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Exploring the Competitiveness of Hydrogen-fueled Gas Turbines in Future Energy Systems


Hydrogen is currently receiving attention as a possible cross-sectoral energy carrier with the potential to enable emission reductions in several sectors, including hard-to-abate sectors. In this work, a techno-economic optimization model is used to evaluate the competitiveness of time-shifting of electricity generation using electrolyzers, hydrogen storage and gas turbines fueled with hydrogen as part of the transition from the current electricity system to future electricity systems in Years 2030, 2040 and 2050. The model incorporates an emissions cap to ensure a gradual decline in carbon dioxide (CO2) levels, targeting near-zero CO2 emissions by Year 2050, and this includes 15 European countries. The results show that hydrogen gas turbines have an important role to play in shifting electricity generation and providing capacity when carbon emissions are constrained to very low levels in Year 2050. The level of competitiveness is, however, considerably lower in energy systems that still allow significant levels of CO2 emissions, e.g., in Year 2030. For Years 2040 and 2050, the results indicate investments mainly in gas turbines that are partly fueled with hydrogen, with 30e77 vol.-% hydrogen in biogas, although some investments in exclusively hydrogen-fueled gas turbines are also envisioned. Both open cycle and combined cycle gas turbines (CCGT) receive investments, and the operational patterns show that also CCGTs have a frequent cyclical operation, whereby most of the start-stop cycles are less than 20 h in duration.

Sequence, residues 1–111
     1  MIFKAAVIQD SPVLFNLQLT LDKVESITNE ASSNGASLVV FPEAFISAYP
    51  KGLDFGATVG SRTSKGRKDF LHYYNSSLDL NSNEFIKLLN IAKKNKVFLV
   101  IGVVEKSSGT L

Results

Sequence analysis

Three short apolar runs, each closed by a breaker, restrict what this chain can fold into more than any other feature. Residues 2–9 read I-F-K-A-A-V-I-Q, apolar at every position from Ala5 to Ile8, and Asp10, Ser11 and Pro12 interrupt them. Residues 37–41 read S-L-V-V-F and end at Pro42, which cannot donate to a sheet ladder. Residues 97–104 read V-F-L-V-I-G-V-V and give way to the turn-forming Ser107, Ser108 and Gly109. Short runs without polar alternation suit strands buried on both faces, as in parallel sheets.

Related subjects: Production & Supply Chain
Countries: Sweden

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